I’m not one for visiting religious monuments but wow, Esztergom’s basilica is something special. From the moment I arrived, even at the distant train station, the green dome of the basilica was in view and it remained in view for the entire visit. It’s not only the largest basilica in Hungary but in all of Central Europe.
I planned our day trip from Budapest to coincide with lunchtime, leaving plenty of time to indulge in a traditional Hungarian meal, the kind that is always better outside of the big cities. My first restaurant option was closed for maintenance which seemed odd and then the same for the second. Esztergom was eerily quiet and not just due to its small town status.
Checking into our hotel we learned the old town had been without electricity for hours, hence the restaurant and shop closures.
Apparently, this is not an irregular occurrence and on this occasion, the 5-hour power cut was planned for some reason. This was a bit of a shame but there were still many things to do in Esztergom which weren’t affected.
With Esztergom basically closed for business, we walked across the Maria Valeria Bridge near the famous Danube Bend for a quick visit to Slovakia.
Sturovo is a bi-lingual city yet everyone we crossed paths with was Hungarian. Aside from a change in currency, you’ll feel more or less like you’re still in Hungary.
There’s little happening in Sturovo and the only reason to cross to the Slovakian side of the Danube is for the best views of the basilica. And it’s an awesome view. Without a doubt, you’ll want to do this when in Esztergom, don’t hesitate to cross the bridge for this view.
Built in 1507, Esztergom Basilica is a massive building constructed with red Hungarian marble. It completely dominates the skyline and diminishes the town below it. Even though there’s not much else to see in Esztergom it’s an incredible sight and well worth a day trip from Budapest (or Bratislava).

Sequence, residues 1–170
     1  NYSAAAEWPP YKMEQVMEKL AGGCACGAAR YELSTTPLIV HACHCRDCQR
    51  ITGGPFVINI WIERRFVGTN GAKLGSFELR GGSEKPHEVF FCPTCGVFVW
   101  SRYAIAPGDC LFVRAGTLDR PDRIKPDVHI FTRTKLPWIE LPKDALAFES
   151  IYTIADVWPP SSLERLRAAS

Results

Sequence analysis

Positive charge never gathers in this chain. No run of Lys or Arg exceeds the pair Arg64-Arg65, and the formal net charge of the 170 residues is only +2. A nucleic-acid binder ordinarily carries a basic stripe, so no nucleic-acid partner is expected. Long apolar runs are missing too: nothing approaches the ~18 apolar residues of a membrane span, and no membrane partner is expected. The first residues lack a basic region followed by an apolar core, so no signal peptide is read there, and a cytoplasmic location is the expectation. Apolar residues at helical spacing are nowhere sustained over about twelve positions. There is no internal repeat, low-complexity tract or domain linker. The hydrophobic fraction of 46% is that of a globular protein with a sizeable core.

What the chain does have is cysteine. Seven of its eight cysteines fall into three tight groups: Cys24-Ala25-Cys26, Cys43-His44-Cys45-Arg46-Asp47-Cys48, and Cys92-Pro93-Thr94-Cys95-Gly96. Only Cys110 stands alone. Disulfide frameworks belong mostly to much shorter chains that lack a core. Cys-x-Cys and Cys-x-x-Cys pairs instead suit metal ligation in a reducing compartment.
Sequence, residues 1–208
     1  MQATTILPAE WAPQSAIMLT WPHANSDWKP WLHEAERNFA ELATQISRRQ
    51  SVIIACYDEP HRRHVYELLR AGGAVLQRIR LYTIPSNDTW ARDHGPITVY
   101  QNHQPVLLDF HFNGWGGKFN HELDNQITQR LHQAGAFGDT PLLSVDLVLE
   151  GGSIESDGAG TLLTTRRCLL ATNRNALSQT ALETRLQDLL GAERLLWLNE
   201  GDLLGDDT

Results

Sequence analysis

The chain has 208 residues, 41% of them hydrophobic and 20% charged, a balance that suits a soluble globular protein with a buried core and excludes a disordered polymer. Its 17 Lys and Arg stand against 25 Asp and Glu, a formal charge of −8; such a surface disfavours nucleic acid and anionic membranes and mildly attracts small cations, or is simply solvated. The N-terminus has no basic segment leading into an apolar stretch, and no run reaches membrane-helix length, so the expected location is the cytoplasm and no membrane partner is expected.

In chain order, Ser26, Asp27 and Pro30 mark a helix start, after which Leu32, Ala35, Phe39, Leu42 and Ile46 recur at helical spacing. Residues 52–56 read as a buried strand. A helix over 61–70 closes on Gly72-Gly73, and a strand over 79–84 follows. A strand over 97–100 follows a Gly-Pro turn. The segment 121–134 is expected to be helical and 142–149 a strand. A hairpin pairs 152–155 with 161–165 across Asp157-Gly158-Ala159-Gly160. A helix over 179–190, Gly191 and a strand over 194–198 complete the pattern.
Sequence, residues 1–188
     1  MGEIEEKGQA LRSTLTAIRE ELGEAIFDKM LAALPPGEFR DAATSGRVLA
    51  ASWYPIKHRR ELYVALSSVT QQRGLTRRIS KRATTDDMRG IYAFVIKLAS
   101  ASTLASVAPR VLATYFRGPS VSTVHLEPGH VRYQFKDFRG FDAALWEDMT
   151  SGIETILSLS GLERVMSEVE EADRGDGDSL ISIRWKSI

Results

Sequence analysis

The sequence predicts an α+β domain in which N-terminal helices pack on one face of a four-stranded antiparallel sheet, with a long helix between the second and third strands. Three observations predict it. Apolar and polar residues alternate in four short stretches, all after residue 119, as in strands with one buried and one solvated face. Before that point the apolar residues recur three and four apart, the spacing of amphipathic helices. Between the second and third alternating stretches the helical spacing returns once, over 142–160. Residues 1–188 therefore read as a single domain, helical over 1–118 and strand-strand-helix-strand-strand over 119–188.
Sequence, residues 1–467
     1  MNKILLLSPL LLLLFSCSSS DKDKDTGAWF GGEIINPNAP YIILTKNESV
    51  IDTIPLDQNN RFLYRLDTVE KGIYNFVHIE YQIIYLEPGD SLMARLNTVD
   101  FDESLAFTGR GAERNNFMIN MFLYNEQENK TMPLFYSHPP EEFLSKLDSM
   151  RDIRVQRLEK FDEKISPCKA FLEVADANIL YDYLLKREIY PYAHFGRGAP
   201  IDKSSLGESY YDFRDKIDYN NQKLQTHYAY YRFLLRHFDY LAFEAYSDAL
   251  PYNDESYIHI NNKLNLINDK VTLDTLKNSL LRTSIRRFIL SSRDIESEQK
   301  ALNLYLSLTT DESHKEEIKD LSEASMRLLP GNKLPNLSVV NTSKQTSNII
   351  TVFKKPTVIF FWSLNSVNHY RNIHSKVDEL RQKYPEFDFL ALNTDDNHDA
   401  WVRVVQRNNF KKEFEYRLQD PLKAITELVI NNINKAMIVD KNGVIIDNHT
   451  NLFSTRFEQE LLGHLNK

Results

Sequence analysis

It’s free to enter the basilica although it was closed when we were there. Inside you’ll find the Bakocz Chapel adorned with Tuscan Renaissance motifs, an altarpiece with the largest painting in the world on a single canvas, an Egyptian-style crypt and you can visit the cupola.
Things to Do in Esztergom
For me, Esztergom is all about the basilica but it’s actually a very beautiful town in all respects and there are a number of other sights and attractions you might be interested in visiting while you’re there.
- Esztergom Castle – The castle sits high above the Danube, on top of a cliff. The castle museum is worth a visit to learn about the history of this castle which dates back to the 11th century.
- Primate’s Palace – Below the castle walls is the Vizivaros neighbourhood. From here you get incredible views of the Danube, looking over to Slovakia, with the Primate’s Palace just below you.
- Szechenyi Square – Every city in Hungary has a Szechenyi Square and in Esztergom, this is where you’ll find colourful baroque and neoclassical buildings, the town hall and busy cafes and restaurants.
- Dark Gate – This is the large tunnel that connects the basilica seminary with the old town. It was named the Dark Gate due to the lack of light in the 90-metre tunnel but it also has a dark history since the 1956 revolution.
- Esztergom Basilica – If you get the chance, visit inside the basilica to see the chapel and try to visit the surroundings for sunrise and sunset if you can. It’s worth getting up early for.
How to Get to Esztergom
From Budapest, Hungary – The train from Budapest’s Nyugati station takes 90 minutes and is most likely the last stop on the journey. Esztergom’s train station is a little out of the city but you can catch a local bus (pay the driver) or walk 30 minutes into town. You can also get the bus from Budapest near the Arpad Bridge but I think the train is a nicer way to get there.
From Bratislava, Slovakia – Esztergom is also an easy day trip from Bratislava. The train takes 80 minutes but be aware the train station in Sturovo is way out of the city. You’ll need to take a taxi to Esztergom which will set you back around €10. I did this when I left Esztergom and my hotel booked a taxi that was happy to cross over into Slovakia. Be sure to have some Euro on you for this purpose!
Once the power came back on the city came to life and we dined at Primes Pince. This huge restaurant is built into the ground under the basilica. With so many tables I imagine it’s hugely popular during tourist season but we were the only ones there on our trip in April. Although clearly a tourist restaurant the food and service was excellent.
Where to Stay in Esztergom
This is a tough one. Esztergom comes up empty if you’re searching for anything other than a basic hotel. That’s possibly why most people visit on a day trip instead of staying overnight. I chose to stay at Szent Adalbert Hotel for its perfect location at the foot of the basilica but the accommodation itself was basic and the room was tiny.
I don’t think you’ll find anything better though. You’ll definitely be better off staying in Budapest. My guide to where to stay in Budapest should help if you’re planning your visit.
If you’re visiting Budapest on a budget, check out these free things to do in Budapest.
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